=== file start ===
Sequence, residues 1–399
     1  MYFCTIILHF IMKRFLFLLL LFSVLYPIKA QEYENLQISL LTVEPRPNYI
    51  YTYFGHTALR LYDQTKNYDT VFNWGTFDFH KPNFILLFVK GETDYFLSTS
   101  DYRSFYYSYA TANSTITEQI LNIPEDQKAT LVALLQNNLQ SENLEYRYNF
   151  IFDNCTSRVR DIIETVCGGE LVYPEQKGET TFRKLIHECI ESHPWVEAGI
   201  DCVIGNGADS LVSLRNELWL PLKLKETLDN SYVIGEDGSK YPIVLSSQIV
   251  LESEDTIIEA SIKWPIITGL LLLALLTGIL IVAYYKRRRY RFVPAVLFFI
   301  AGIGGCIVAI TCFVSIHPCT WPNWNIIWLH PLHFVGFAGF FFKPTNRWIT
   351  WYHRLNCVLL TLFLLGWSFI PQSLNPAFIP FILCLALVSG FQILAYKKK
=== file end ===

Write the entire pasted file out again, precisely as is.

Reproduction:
Sequence, residues 1–399
     1  MYFCTIILHF IMKRFLFLLL LFSVLYPIKA QEYENLQISL LTVEPRPNYI
    51  YTYFGHTALR LYDQTKNYDT VFNWGTFDFH KPNFILLFVK GETDYFLSTS
   101  DYRSFYYSYA TANSTITEQI LNIPEDQKAT LVALLQNNLQ SENLEYRYNF
   151  IFDNCTSRVR DIIETVCGGE LVYPEQKGET TFRKLIHECI ESHPWVEAGI
   201  DCVIGNGADS LVSLRNELWL PLKLKETLDN SYVIGEDGSK YPIVLSSQIV
   251  LESEDTIIEA SIKWPIITGL LLLALLTGIL IVAYYKRRRY RFVPAVLFFI
   301  AGIGGCIVAI TCFVSIHPCT WPNWNIIWLH PLHFVGFAGF FFKPTNRWIT
   351  WYHRLNCVLL TLFLLGWSFI PQSLNPAFIP FILCLALVSG FQILAYKKK